North-East musician steps into academic role to research future of Scottish traditional music
One of Scotland’s most notable musical figures has been awarded an academic position at the University of Aberdeen to carry out a three-year research project into the future of traditional Scottish music in modern society.One of Scotland’s most notable musical figures has been awarded an academic position at the University of Aberdeen to carry out a three-year research project into the future of traditional Scottish music in modern society.
Paul, who lives in Tarland, is recognised as one of the most exciting fiddle players to come out of Scotland in recent years and will embark upon his three-year project in November with the aim of developing the connection between traditional fiddle styles with those of modern fiddle players.
The research, believed to be the first of its kind in the UK, aims to explore the underlying musical dialects of the North-East fiddle tradition, providing a firm foundation for future creative work and a benchmark for similar future research.
The project, entitled, Reconnecting Scotland’s North-East traditional fiddle styles and repertoires with today’s Scottish traditional musicians, will see Paul travel throughout the North-East to introduce Scottish traditional music to new audiences both within local communities and to a wider national and international audience.
Paul said he was delighted to be awarded the AHRC Fellowship: “I am looking forward to developing my interest in traditional Scottish music via an academic route. This project will allow me time to reflect on issues that have interested me for many years. It will also enable me to develop research skills and widen my knowledge base.
“Scottish traditional music, particularly fiddle music, thrives today with thousands involved at all skill levels, however, many younger players in Scotland are unaware of the characteristic, traditional markers of regional Scottish styles and repertories and addressing this issue is one of my main aims.”
Paul will reintroduce selected pieces to a new generation of fiddle players and traditional Scottish music audiences and, through the performance of well-known pieces in new styles, encourage a greater interest among modern players in the stylistic features and techniques of the unique North-East style.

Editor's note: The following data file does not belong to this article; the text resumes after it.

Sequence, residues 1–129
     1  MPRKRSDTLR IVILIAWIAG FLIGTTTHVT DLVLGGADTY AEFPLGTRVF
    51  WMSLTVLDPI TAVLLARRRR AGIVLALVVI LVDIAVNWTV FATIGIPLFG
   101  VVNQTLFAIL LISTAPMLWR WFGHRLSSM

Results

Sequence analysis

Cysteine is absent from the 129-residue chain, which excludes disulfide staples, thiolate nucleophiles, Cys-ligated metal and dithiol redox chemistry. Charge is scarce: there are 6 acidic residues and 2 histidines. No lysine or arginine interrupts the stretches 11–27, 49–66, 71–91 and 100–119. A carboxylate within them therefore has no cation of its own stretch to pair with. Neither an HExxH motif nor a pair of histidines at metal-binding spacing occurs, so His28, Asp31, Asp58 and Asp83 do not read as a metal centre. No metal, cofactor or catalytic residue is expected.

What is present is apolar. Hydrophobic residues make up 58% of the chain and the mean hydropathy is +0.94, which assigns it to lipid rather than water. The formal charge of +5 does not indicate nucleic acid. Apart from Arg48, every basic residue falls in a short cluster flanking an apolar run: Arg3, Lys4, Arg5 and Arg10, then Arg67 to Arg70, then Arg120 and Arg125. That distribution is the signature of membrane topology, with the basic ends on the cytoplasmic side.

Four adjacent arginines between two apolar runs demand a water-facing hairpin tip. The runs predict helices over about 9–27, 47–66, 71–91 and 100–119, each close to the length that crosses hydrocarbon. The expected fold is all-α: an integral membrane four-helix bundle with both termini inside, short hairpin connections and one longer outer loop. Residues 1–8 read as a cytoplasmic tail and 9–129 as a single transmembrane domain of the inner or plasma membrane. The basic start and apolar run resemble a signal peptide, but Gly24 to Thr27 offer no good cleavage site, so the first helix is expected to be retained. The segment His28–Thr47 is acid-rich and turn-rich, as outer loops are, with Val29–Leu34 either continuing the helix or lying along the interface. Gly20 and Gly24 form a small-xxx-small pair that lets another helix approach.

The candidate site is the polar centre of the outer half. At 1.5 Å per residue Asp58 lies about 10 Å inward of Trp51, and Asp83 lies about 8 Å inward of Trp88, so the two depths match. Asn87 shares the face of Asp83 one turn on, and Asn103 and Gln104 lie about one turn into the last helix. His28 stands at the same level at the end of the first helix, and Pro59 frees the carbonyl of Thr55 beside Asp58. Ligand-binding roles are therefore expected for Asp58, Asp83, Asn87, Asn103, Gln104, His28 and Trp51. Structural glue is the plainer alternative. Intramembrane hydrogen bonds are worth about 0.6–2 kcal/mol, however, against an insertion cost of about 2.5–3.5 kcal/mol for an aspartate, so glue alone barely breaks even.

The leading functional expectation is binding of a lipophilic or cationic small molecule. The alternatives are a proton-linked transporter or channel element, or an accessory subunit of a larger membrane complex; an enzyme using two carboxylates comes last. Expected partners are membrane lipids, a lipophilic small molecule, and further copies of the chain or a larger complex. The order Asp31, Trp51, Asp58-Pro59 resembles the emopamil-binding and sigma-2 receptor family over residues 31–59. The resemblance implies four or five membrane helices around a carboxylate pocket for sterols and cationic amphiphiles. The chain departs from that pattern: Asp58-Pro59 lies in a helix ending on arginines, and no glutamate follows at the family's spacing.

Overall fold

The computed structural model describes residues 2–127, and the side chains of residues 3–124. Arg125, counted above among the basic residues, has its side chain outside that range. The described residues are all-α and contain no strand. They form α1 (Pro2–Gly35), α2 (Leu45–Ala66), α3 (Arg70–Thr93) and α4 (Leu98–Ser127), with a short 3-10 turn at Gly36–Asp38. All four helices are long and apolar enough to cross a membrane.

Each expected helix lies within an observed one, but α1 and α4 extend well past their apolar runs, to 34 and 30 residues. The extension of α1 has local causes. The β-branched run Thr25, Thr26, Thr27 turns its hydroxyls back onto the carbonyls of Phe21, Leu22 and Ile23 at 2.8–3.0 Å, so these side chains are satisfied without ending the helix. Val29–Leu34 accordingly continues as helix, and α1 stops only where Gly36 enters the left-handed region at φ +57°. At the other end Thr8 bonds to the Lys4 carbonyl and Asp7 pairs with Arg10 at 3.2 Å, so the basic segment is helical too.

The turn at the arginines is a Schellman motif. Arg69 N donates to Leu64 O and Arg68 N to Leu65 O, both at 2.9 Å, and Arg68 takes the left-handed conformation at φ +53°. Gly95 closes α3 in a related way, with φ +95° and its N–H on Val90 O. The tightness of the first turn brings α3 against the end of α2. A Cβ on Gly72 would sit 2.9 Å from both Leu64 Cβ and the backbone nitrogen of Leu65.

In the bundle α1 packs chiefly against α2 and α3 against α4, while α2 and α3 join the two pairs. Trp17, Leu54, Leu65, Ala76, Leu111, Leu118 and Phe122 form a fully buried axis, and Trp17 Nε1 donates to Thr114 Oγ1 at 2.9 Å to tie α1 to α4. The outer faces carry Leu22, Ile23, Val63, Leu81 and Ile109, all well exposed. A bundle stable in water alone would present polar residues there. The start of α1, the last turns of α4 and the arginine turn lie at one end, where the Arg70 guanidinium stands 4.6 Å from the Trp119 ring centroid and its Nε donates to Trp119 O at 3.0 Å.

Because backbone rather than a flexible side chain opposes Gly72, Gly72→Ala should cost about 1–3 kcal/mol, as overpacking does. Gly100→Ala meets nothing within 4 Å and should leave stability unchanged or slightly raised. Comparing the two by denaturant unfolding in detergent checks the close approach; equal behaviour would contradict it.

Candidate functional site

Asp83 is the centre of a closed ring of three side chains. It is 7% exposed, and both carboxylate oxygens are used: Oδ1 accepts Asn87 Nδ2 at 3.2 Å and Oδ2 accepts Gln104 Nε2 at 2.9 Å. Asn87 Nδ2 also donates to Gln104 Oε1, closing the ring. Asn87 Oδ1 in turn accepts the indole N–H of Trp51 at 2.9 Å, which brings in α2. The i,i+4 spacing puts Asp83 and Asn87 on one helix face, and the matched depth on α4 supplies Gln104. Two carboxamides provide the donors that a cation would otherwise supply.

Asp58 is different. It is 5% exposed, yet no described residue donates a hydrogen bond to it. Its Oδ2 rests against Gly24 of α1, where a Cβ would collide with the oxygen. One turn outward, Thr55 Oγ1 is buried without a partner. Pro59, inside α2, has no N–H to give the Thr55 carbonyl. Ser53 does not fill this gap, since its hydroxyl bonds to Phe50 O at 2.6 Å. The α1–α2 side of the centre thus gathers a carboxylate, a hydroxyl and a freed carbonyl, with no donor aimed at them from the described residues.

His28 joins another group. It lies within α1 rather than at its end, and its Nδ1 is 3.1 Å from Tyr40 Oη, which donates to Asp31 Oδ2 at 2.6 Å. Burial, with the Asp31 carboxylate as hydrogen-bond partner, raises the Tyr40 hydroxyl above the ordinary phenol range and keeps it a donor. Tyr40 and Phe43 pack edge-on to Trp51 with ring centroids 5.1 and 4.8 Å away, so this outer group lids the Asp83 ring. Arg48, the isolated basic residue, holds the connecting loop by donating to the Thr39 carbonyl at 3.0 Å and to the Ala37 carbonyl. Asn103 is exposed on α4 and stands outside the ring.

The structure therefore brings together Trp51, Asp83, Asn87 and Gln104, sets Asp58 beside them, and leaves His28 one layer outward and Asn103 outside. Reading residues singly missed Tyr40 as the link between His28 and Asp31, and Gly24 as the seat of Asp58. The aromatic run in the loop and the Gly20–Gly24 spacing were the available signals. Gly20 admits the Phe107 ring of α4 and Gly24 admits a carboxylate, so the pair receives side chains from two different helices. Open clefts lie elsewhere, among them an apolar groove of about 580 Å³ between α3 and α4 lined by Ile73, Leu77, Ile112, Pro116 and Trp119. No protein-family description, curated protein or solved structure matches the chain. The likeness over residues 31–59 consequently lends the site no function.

”The music of the fiddle is an important part of the heritage of North-East Scotland. I will seek to explore the style of playing and present new repertoires, “ he continued.
Paul will employ a variety of research methods during his study including an archival study of unpublished music collections and collaboration with older musicians. He will also organise courses and workshops to develop new styles in group performance and will introduce the students to music and performance that many will be unfamiliar with.
Paul will have unlimited access to the University’s music collections within its Historic Collections, including the Scott Skinner Collection.
Paul has been playing the fiddle professionally for seven years (and 20 years as an amateur). He plays solo and in groups, teaches the fiddle and composes new tunes for the instrument. He is the winner of most junior and senior Scottish competitions, and won the prestigious Glennfiddich championship in 1995.
His important study will contribute to the existing research of the Elphinstone Institute – a University of Aberdeen initiative devoted to the research, collection, and promotion of the culture and traditions of North and North-East Scotland.
Dr Ian Russell, Director of the Elphinstone Institute, said: “It is a great achievement for Paul and we are truly delighted to have him join the Institute, especially as we will be hosting a second North Atlantic Fiddle Convention here in Aberdeen in late July 2006.”
Notes to Editors
Issued by the Communications Team, Office of External Affairs, University of Aberdeen, King's College, Aberdeen. Tel: (01224) 272014.
Issued on: Tuesday 1st of February 2005
Contact: Angela Ferguson